American scientists have used microorganisms to transform sand and gelatin into a « living » building material that can produce virtually infinite copies of itself.

American researchers have created an amazing building material. American scientists used cyanobacteria of the genus Synechococcus. Through photosynthesis, they capture sunlight and absorb nutrients and carbon dioxide to make calcium carbonate, the main component of marine animal shells and a basic ingredient in cement.

A mortar-like material

These micro-organisms were placed in a mould in which culture medium, gelatin and sand were added. While the gelatin serves as a support for the growth of the bacteria, the calcium carbonate generated by the bacteria mineralizes the whole which solidifies and hardens little by little! In just a few hours, a material is obtained whose mechanical properties are similar to concrete, or more precisely to the mortar used as a masonry bonding element.

Building infrastructure in extreme environments

These cyanobacteria survive for several weeks under such conditions. The bricks formed by their metabolism can thus, at least partially, reproduce themselves! By splitting one brick and adding gelatine and sand, bacterial growth resumes and produces two new bricks, which can then be divided into four, these four into eight, etc. The result is a new brick, which can be used to produce a new cyanobacteria.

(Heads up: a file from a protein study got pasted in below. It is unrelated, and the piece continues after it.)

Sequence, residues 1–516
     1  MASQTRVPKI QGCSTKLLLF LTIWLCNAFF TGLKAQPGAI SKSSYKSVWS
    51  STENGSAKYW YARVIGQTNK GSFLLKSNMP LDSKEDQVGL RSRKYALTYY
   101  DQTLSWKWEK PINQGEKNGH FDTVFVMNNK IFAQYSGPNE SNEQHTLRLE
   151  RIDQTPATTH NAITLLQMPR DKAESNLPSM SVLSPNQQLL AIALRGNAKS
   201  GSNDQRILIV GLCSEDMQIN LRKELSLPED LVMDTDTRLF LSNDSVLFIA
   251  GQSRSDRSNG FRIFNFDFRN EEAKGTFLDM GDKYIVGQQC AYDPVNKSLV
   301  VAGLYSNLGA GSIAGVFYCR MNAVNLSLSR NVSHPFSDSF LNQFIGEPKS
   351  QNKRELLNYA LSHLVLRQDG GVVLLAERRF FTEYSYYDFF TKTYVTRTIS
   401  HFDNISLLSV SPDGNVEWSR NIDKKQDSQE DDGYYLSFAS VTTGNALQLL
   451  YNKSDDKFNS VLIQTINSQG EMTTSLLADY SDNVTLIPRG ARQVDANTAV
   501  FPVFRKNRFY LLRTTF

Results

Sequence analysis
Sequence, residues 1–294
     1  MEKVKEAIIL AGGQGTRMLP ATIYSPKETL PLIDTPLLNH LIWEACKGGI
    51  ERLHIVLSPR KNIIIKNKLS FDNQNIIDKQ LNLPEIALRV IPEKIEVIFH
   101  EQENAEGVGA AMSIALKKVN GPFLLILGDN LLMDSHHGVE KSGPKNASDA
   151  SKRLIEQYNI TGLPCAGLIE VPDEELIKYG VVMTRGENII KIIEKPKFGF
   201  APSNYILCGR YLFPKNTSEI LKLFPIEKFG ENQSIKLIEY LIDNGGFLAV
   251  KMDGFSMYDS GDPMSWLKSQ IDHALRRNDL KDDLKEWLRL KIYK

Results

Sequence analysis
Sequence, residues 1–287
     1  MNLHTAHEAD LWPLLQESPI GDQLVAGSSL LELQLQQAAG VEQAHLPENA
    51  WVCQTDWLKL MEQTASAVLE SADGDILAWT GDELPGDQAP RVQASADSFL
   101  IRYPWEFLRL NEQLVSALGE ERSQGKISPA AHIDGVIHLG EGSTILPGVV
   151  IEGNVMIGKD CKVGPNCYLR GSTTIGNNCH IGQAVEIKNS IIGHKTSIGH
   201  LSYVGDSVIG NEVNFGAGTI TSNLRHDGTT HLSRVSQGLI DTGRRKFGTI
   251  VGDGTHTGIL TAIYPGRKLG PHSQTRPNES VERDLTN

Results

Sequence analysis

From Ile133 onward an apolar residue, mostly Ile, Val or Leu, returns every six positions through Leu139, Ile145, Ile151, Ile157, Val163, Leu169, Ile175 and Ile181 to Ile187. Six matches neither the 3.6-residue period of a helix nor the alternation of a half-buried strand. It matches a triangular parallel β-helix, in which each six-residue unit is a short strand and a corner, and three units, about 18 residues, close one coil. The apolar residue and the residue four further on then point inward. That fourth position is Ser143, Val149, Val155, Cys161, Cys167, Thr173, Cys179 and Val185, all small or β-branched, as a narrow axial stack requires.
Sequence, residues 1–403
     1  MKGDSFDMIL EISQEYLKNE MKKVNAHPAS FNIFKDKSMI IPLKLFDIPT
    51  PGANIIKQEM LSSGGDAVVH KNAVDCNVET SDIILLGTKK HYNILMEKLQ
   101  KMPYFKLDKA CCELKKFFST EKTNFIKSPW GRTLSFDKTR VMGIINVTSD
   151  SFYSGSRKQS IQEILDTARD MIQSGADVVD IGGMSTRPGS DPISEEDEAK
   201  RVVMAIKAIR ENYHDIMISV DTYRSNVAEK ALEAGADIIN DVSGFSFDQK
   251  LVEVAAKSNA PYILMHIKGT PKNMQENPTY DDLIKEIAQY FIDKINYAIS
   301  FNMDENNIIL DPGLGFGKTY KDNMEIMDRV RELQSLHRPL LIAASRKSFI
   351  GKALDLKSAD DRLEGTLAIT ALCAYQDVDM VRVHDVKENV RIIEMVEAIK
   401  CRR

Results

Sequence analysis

Unlike conventional concrete, which requires a lot of heat to produce and releases large quantities of greenhouse gases, this material is also particularly environmentally friendly. It absorbs carbon dioxide and requires almost no external energy source other than the sun’s rays. A humid environment (50% relative air humidity) is certainly necessary, and the mechanical strength of these « living » bricks is lower than that of concrete.

Funded by the agency of the American Department of Defense in charge of technological innovation for breakthroughs, this research was however conducted with a very precise goal: to build infrastructures in extreme environments limited in resources and raw materials, such as a desert zone for example… or even, the authors of the study say, on Martian soil!


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